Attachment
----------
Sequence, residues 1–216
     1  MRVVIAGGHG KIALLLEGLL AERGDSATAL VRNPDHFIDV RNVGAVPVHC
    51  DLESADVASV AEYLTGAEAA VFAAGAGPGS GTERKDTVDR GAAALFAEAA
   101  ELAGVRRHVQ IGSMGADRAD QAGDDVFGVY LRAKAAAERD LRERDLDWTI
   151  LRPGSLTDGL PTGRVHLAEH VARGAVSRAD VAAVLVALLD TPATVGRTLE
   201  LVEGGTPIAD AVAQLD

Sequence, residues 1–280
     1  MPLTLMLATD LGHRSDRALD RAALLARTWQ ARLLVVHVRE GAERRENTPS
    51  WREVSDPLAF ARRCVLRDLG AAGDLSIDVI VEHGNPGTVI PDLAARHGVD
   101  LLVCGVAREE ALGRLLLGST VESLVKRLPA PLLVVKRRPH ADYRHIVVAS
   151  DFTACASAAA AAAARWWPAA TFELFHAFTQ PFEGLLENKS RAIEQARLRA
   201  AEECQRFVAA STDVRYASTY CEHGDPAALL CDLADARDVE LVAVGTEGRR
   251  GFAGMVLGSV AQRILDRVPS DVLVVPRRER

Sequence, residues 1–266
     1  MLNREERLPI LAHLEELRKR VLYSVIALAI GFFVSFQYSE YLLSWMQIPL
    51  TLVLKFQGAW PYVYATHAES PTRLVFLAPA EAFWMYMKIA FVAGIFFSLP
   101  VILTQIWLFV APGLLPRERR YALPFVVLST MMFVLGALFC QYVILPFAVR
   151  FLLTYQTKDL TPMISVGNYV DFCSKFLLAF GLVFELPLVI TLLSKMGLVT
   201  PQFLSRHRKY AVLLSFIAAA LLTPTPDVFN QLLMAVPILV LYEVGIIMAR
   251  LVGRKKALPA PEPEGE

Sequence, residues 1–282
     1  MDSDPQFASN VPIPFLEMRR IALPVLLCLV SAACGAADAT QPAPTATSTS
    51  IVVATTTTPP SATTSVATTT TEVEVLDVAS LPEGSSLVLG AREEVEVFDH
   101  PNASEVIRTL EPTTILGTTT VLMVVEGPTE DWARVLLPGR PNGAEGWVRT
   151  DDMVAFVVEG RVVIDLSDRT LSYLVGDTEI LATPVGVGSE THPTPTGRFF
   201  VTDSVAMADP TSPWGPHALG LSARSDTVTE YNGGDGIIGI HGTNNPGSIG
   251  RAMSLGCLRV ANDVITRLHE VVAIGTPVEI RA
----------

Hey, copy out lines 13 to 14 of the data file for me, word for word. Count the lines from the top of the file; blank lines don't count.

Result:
   251  GFAGMVLGSV AQRILDRVPS DVLVVPRRER

Sequence, residues 1–266